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Hospitals discharge patients as doctors' strike enters fourth day

 An empty maternity ward at Kakamega County Teaching and Referee Hospital. [Nathan Ochunge, Standard]

It is a weekend of more agony for patients seeking services in public health facilities, as doctors continued with their strike amid a deepening impasse.

Health services remained paralysed in most parts of the country, with some patients seeking alternative options for medical attention as the strike called by the Kenya Medical Practitioners and Dentists Union (KMPDU) entered day four.

In Western Kenya, patients were being discharged to seek treatment in private facilities. At the Kakamega County Teaching and Referral Hospital, there was no one to attend to patients in the maternity, female and male wards and all discharged by the facility’s management.

“Medical officers on locum refused to attend to patients, fearing that they could encounter emergency cases that required the intervention of specialist doctors, who are on strike,” said a medic who sought anonymity, saying all the wards had discharged patients.

He went on, “The medical officers are only stabilising patients and referring them to other privately-owned facilities. Even Clinical officers cannot handle complex cases. What happens when they encounter a complicated case that requires a consultant?” he posed.

An expectant mother, Lilian Masitsa from Shinyalu, was forced to go back after she missed her clinic as the gynecologist was not on duty.

“My pressure level is high. I have been given a clinic date to come back to see the doctor after the strike is called off,” said Ms Masitsa.

Mr Peter Mutsoso was forced to seek medication in a private hospital after he was left unattended.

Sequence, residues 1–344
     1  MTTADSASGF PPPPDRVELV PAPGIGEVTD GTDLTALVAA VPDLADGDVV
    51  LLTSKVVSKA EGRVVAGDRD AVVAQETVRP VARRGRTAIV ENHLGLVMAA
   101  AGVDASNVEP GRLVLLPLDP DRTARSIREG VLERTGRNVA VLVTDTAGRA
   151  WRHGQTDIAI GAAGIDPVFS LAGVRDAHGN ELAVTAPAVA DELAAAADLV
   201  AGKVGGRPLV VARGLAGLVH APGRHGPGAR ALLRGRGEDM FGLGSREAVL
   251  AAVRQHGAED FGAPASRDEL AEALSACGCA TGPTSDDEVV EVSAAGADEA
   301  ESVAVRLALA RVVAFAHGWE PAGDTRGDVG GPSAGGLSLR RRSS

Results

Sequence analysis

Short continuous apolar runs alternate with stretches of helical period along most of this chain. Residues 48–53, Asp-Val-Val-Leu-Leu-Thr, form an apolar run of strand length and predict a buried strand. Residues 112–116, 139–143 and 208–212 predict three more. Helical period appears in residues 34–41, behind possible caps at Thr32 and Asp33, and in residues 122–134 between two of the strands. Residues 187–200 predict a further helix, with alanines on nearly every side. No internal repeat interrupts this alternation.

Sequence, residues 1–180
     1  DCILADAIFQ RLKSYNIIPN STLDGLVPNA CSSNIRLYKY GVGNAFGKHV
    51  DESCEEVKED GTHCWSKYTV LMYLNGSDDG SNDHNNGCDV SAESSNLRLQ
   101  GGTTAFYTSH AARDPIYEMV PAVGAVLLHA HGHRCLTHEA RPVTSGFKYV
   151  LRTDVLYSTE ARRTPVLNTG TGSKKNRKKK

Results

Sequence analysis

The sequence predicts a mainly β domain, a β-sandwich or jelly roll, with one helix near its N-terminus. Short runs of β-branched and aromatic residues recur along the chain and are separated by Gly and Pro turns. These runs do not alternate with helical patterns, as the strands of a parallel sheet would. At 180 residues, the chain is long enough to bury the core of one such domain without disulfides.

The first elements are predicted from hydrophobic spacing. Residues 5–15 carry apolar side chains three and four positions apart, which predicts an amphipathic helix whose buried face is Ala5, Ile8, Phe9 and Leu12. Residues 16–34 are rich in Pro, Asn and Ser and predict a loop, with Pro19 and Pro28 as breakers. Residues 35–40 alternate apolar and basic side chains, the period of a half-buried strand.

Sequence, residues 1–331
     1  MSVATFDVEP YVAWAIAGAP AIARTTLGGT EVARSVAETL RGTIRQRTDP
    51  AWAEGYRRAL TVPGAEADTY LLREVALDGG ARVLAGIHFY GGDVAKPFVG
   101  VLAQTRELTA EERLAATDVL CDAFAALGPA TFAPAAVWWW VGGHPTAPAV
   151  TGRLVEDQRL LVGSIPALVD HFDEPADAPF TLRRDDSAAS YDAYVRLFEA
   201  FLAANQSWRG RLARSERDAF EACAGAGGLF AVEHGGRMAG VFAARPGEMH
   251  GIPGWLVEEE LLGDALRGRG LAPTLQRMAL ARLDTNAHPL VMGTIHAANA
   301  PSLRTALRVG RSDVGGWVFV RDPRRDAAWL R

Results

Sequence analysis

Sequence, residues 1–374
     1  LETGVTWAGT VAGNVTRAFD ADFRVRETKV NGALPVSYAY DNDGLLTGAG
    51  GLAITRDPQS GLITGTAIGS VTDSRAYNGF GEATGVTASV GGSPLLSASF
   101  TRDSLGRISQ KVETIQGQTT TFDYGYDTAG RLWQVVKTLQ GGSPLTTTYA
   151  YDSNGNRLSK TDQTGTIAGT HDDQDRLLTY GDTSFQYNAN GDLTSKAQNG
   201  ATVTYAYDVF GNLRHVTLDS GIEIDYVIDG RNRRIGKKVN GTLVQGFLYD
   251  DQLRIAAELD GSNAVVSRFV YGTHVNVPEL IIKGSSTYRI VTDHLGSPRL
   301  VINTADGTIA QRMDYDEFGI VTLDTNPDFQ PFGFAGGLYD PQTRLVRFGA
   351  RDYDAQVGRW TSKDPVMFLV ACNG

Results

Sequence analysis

He said that he had spent almost three hours without help and his condition was deteriorating, thus was forced to seek attention at a private facility. “I am used to public hospitals because they offer treatment at affordable rates compared to private ones”.

He urged the government to intervene so that patients from vulnerable homes do not suffer.

According to Kakamega Health Executive Bernard Wesonga, the county has hired Locum doctors to offer critical services.

“In critical sections like ICU, renal, theatres and maternity, we are offering services but have a challenge in clinics where the services of specific doctors are required,” said Wesonga

In Busia, doctors at the referral hospital kept off their workstations saying that they did not recognise the court order since it was issued only to their Kenyatta National Hospital counterparts. They empathised with the patients, telling them to bear with the doctors who are fighting for their rights.

In a move akin to Kakamega, patients in Busia were also being transferred to private hospitals and those who could not afford the charges were being left to their own devices. 

KMPDU Western Branch Secretary General Dr Sande Charo said they had instructed their members to stay away from work until their grievances are met.

Charo said as much the strike is national, they are engaging the leadership of the four counties in the region to resolve pending issues.

“Minimal health services are going on in most public facilities because we have nurses and other clinical officers but we are lobbying for discussion with county leadership as we wait for further direction from our union,” said Charo. 

Meanwhile in Uasin Gishu, a section of Kenya Kwanza leaders asked doctors to immediately stop their strike and report back to work immediately.

Speaking during the launch of bursary disbursement at Chepkigen Primary School in Soy, the leaders said the government was making strides towards economic recovery and that the strike would only serve to slow the gains.

MPs Didmus Barasa (Kimilili), David Kiplagat (Soy) and Julius Rutto (Kesses) said patients in public hospitals have been left stranded since th strike began on Thursday.

The leaders suggested that the health sector be transferred back to the national government should the countis fail to tackle the doctors’ grievances. 

[Reports by Benard Lusigi and Mary Imenza in Kakamega and Titus Too in Eldoret]

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